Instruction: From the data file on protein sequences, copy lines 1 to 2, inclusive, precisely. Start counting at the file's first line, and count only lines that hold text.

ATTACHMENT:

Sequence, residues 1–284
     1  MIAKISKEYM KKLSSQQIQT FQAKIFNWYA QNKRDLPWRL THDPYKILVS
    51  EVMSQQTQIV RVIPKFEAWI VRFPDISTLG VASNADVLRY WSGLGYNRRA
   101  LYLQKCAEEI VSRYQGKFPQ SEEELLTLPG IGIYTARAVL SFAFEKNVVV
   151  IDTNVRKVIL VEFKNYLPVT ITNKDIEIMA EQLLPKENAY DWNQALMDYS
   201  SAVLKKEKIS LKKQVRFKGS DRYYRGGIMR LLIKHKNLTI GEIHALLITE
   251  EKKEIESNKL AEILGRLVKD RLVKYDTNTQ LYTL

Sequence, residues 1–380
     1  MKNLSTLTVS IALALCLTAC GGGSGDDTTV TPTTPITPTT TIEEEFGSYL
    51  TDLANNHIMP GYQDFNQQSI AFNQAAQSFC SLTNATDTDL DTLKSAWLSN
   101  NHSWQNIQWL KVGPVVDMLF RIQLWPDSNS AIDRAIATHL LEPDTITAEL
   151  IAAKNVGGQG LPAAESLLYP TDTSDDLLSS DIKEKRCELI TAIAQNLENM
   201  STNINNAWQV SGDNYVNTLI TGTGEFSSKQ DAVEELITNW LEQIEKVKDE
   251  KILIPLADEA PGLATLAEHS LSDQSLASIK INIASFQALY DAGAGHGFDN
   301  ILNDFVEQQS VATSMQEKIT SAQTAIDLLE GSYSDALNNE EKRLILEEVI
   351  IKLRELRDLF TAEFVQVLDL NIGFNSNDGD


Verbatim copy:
Sequence, residues 1–284
     1  MIAKISKEYM KKLSSQQIQT FQAKIFNWYA QNKRDLPWRL THDPYKILVS